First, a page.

The nature of work organizations and its environment have changed drastically which have an impact on individual jobs, safety, health and well-being. Thus, results in need for promotion of occupational health and preservation of employees' well-being. In the period 1990-99, National Institute of Safety and Health (NIOSH) and the American Psychological Association (APA) launched programme to support development of the field of Occupational Health Psychology.

According to US National Institute of Occupational Safety and Health (NIOSH), "Occupational Health Psychology concerns with the application of psychology to improving the quality of work life and to protecting and promoting the safety, health and well-being of workers." Thus OHP includes following characteristics:-

  • it considers health as a positive state of complete physical, mental and social well-being.
  • it concerns with employees in large organizations as well as unemployment and home-work interference.
  • it deals with the individual employee, the job environment, the organizational environment and the external environment.
  • it tries to understand the underlying psychological process and seeks to improve occupational health, safety and well-being.
In short, Occupational Health Psychology deals with the effect of work on health and to ensure that workers are fit for the work that they do or are given to do.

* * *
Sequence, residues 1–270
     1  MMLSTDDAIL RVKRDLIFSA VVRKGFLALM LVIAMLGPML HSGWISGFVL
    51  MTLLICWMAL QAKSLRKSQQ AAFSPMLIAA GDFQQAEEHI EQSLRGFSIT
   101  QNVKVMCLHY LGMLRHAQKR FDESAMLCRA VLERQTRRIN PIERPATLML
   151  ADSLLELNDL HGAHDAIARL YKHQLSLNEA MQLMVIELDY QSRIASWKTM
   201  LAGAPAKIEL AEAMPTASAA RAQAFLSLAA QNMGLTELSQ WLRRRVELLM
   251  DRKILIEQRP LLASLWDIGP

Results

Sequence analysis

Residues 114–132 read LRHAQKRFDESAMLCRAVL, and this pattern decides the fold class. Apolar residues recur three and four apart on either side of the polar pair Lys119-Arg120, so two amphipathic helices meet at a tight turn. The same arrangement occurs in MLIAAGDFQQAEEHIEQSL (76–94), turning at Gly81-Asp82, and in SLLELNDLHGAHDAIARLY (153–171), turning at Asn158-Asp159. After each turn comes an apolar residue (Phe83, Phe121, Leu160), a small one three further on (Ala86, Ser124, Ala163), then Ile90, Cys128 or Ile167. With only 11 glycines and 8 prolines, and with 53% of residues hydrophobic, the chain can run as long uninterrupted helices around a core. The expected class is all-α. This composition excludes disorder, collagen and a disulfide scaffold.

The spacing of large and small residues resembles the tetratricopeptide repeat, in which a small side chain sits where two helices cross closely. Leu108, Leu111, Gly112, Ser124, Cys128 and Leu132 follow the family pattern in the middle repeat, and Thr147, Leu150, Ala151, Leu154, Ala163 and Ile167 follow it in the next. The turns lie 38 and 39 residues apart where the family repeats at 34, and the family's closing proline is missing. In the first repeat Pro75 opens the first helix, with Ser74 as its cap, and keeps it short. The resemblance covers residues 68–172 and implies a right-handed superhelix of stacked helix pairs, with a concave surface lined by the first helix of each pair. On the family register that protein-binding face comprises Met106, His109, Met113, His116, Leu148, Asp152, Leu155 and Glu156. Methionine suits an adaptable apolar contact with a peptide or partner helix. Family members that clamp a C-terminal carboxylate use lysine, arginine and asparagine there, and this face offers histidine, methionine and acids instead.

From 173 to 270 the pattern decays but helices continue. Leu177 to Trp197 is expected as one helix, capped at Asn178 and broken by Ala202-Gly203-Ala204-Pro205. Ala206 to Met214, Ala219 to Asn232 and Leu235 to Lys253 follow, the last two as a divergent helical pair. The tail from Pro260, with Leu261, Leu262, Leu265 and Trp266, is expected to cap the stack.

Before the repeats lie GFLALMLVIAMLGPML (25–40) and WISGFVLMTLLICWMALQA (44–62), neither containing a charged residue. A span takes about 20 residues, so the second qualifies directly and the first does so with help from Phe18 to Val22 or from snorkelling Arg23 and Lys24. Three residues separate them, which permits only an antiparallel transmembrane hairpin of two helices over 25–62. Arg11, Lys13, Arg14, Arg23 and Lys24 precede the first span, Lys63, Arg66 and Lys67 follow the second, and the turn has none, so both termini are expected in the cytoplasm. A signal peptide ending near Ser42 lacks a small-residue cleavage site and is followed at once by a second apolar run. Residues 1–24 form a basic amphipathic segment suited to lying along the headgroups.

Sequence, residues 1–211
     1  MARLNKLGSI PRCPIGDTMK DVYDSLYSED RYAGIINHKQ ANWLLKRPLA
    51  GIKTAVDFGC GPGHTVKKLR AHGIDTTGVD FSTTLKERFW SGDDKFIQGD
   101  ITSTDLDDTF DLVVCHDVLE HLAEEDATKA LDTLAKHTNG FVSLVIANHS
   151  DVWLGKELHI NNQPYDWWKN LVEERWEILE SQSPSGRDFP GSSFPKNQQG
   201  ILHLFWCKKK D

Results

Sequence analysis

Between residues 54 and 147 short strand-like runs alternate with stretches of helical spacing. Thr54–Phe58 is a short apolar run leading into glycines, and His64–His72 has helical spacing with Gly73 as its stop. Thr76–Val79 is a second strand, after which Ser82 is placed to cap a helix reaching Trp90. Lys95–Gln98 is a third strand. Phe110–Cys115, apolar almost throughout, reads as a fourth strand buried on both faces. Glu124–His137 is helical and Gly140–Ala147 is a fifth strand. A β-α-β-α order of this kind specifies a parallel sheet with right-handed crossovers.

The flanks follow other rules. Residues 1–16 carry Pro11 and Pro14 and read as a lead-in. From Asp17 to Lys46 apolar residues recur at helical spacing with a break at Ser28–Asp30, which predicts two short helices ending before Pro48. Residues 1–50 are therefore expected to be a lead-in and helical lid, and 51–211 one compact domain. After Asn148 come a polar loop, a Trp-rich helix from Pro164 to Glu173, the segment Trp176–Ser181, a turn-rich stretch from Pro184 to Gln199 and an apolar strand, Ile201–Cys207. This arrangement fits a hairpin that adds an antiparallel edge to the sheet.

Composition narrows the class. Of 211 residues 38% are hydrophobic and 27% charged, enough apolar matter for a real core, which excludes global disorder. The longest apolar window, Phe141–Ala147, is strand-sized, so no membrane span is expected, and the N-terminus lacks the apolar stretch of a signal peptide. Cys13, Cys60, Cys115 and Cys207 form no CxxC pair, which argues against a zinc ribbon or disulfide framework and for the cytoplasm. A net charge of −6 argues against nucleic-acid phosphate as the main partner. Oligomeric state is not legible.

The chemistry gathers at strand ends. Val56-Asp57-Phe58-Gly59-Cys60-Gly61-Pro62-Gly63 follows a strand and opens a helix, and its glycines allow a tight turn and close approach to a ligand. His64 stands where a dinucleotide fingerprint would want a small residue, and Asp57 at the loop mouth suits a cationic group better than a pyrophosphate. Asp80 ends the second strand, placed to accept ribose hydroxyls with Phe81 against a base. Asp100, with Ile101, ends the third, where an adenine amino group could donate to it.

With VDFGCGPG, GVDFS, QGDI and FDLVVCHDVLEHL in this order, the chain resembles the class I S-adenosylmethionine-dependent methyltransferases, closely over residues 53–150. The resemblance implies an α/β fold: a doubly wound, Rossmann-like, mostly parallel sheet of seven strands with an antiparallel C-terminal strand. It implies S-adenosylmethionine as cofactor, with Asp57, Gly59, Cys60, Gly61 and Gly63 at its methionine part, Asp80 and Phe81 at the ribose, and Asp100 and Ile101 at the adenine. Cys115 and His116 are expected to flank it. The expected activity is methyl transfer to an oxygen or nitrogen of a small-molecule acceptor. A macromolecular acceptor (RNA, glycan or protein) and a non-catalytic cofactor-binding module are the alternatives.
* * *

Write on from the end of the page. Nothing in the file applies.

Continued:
Maintenance of employees' mental health is an important component of occupational health. The National Institute of Safety and Health (NIOSH) recognize psychological disorders as one of the 10 leading work-related diseases and injuries (Miller, 1984). Mental health is more than the mere absence of mental disorders. The concept of mental health includes subjective well-being, perceived self-efficacy, autonomy, competence and recognition of the ability to realize one's intellectual and emotional potential. Mental health problems have an impact on employers and businesses directly through increased absenteeism, reduced production and increased costs. In many developed countries, 35%-45% of absenteeism from work is due to mental health problem (WHO, 2003). In United Kingdom, mental health problems are the second most important reason for absence from work which adversely affects national economy Occupational health influences the health status of the employees. The most widespread negative effect of work on mental health is stress, and studies indicate that occupational stress has become one of the most frequent causes of health problems for people at work. Some work factors that have adverse psychological effects include time pressure, hectic work, and heavy responsibility for human or economic concerns, monotonous work, shift work and work under the threat which lead to psychological stress and overload associated with sleep disturbances, burn-out syndromes and depression. According to survey conducted by International Labour Organization (ILO) stress and accompanying depression in the workplace is now the second most disabling illness inflicting workers after heart disease (Varhol, 2000). Lack of participation in decision making process, lack of effective communication, restriction on behaviour, and rigid rules and regulations are potential sources of stress. Non participation of workers in decision making results in emotional distress, lowered self-esteem, and job dissatisfaction (Margolis, Kroes & Quinn, 1974; Spector, 1986).